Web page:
This small tackle box has room for all different kinds of items (barrettes, hair bands, combs) and can easily be transported from room-to-room or packed up for a slumber party.

Get a few stickers and Sharpies and let your daughter customize it if she isn’t fond of the bland exterior. I use a tackle box for my makeup, and it works great.

Thank you, Karey, for submitting your question for our Ask Unclutterer column. Check out the comments for additional suggestions from our readers.

Do you have a question relating to organizing, cleaning, home and office projects, productivity, or any problems you think the Unclutterer team could help you solve? To submit your questions to Ask Unclutterer, go to our contact page and type your question in the content field. Please list the subject of your e-mail as “Ask Unclutterer.” If you feel comfortable sharing images of the spaces that trouble you, let us know about them. The more information we have about your specific issue, the better.

Workspace of the Week: Equipment bonanza

This week’s Workspace of the Week is BayAreaBaw’s peripherally intense office:

This is an amazing office and its owner did a terrific job describing it in the photo’s notes:

This home office of mine has been evolving for about six years, with a list of equipment that currently includes:

  • 3 printers (laser, portable inkjet & label)
  • 2 external backup drives (USB & Firewire)
  • LightScribe CD/DVD Burner
  • 2 scanners (ScanSnap & Epson)
  • tape deck, turntable & sound system
  • EyeTV digital television tuner
  • Two 7-port USB hubs
  • 20″ external monitor
  • MacBook
  • wireless phone
  • cell phone, Bluetooth & Palm chargers

My challenge has been how to arrange so much gear in a small space without all of it getting in my way, both physically and aesthetically, and especially how to hide all those cables. At last count there are 21 electrical connections, along with about 15 other USB, Firewire, and charger cables.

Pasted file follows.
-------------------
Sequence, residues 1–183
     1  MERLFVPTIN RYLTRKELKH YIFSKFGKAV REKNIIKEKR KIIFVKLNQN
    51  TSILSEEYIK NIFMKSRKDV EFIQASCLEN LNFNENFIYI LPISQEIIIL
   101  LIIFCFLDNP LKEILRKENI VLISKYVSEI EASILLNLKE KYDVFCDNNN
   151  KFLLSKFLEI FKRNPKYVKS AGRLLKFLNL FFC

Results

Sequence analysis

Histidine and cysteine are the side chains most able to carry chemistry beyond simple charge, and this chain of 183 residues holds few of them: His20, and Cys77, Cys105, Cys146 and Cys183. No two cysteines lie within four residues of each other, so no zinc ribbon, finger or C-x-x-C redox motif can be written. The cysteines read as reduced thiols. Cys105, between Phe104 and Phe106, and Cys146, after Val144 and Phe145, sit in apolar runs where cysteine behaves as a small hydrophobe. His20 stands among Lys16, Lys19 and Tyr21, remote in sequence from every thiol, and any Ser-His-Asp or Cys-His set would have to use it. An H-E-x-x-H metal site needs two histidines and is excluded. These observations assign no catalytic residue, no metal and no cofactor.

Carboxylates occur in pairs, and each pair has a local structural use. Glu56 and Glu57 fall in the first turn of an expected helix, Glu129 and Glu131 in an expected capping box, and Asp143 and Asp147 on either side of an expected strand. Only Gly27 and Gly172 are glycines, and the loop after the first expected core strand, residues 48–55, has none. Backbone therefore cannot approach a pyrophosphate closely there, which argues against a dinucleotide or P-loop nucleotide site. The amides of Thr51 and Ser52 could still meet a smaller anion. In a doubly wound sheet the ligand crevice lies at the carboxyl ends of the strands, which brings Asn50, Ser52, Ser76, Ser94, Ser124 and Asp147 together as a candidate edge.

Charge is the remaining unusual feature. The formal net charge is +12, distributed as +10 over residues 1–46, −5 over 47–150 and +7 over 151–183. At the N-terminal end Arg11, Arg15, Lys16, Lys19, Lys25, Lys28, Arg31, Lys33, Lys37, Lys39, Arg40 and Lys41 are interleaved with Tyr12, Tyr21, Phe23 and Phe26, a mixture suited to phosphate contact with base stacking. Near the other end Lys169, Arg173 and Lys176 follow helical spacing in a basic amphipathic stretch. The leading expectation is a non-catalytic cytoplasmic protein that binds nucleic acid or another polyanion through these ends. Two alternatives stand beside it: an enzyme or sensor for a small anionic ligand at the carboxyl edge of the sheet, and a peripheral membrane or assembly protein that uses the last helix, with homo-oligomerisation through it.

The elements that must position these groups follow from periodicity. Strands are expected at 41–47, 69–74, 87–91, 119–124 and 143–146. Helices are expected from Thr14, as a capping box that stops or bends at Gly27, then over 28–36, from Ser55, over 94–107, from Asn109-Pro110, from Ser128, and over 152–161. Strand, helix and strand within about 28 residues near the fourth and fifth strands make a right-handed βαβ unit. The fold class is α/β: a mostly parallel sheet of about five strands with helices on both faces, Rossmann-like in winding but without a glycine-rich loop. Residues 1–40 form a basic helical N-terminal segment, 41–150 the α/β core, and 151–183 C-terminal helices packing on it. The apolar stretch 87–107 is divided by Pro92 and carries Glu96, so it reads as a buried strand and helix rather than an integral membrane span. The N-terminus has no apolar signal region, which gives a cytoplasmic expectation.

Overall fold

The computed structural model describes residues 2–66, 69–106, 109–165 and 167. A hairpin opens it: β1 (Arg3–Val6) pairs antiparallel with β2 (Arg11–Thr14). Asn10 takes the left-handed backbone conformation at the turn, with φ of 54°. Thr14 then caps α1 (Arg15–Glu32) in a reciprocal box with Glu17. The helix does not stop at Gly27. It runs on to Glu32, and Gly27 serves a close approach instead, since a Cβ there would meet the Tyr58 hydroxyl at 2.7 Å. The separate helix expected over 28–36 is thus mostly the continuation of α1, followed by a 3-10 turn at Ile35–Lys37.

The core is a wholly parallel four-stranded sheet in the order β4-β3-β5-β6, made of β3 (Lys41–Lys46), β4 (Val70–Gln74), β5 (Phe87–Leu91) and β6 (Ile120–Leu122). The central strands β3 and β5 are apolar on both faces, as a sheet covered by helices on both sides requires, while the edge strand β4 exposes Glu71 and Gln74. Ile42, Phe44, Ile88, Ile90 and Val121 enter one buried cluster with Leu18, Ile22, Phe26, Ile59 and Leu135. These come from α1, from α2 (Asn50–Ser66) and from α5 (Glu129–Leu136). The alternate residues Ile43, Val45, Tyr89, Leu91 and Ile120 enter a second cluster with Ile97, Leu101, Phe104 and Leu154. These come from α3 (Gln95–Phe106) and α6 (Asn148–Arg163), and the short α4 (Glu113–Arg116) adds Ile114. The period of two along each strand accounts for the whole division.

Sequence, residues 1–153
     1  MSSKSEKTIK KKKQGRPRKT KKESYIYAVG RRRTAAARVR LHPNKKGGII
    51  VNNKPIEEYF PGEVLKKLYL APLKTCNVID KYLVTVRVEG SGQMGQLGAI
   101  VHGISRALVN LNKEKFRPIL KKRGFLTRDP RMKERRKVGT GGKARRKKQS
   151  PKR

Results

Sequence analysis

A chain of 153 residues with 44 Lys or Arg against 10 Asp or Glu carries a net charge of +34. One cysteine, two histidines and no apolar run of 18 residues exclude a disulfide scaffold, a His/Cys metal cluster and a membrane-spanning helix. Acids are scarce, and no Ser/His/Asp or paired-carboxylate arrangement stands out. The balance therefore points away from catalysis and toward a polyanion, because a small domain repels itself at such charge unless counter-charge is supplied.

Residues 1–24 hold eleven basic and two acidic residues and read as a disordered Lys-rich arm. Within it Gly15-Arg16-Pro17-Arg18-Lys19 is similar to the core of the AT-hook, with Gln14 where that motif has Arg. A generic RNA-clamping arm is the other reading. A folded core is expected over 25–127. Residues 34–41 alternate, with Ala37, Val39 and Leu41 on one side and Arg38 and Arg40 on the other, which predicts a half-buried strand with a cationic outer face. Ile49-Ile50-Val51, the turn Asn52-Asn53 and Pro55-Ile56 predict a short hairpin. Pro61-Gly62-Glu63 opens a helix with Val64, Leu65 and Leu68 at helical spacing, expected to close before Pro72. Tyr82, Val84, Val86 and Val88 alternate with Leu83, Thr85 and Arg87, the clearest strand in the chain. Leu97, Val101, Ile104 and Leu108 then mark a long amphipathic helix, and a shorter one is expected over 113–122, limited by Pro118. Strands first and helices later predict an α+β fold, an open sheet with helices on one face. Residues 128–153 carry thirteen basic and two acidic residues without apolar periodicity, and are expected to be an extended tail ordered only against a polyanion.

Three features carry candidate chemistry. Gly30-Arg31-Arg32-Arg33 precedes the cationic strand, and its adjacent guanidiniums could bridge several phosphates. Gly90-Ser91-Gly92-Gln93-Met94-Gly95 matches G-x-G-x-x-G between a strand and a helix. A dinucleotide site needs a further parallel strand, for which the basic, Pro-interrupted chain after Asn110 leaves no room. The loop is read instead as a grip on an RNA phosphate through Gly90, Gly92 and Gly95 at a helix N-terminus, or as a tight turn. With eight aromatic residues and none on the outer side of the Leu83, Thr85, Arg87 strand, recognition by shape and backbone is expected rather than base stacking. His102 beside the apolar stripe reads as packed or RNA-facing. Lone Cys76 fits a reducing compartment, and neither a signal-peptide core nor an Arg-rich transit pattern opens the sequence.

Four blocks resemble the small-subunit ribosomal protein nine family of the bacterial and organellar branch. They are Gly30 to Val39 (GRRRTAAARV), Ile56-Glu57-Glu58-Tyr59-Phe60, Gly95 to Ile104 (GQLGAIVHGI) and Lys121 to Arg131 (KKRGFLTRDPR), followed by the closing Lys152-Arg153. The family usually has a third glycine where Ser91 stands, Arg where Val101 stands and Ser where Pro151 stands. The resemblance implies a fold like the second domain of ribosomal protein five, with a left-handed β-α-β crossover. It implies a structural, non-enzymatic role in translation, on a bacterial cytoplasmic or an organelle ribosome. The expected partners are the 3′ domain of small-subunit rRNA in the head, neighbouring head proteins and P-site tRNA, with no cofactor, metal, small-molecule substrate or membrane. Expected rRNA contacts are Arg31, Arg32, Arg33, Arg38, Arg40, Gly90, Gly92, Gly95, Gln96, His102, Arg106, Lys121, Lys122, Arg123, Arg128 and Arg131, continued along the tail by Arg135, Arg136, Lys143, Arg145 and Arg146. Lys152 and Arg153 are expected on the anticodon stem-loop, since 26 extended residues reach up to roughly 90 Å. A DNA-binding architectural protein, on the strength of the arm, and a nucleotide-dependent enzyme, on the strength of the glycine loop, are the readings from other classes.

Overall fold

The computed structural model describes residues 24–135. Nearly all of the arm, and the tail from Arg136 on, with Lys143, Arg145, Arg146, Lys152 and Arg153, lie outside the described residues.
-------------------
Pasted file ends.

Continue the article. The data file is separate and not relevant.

Truly impressive, BayAreaBaw. Thank you for your submission!

Want to have your own workspace featured in Workspace of the Week? Submit a picture to the Unclutterer flickr pool. Check it out because we have a nice little community brewing there. Also, don’t forget that workspaces aren’t just desks. If you’re a cook, it’s a kitchen; if you’re a carpenter, it’s your workbench.

Storing small memory cards

I don’t know if I’ve ever publicly admitted this, but I’m a gamer. I play at least half an hour every day, and usually more than that. I have numerous electronic gaming systems and even a huge collection of board games for when I want to be away from a computer. I’ll play any game at least once, and when I find a favorite I’ll spend days working to master it.

I didn’t grow up playing video games like many of my peers, but got into it in college thanks to my friend Clark. (Clark also introduced Stevie Case to computer gaming their freshman year of college … small world.) I like solving puzzles and gaming is my constant outlet for that aspect of my personality, and I’ll always be in debt to Clark for being my guide.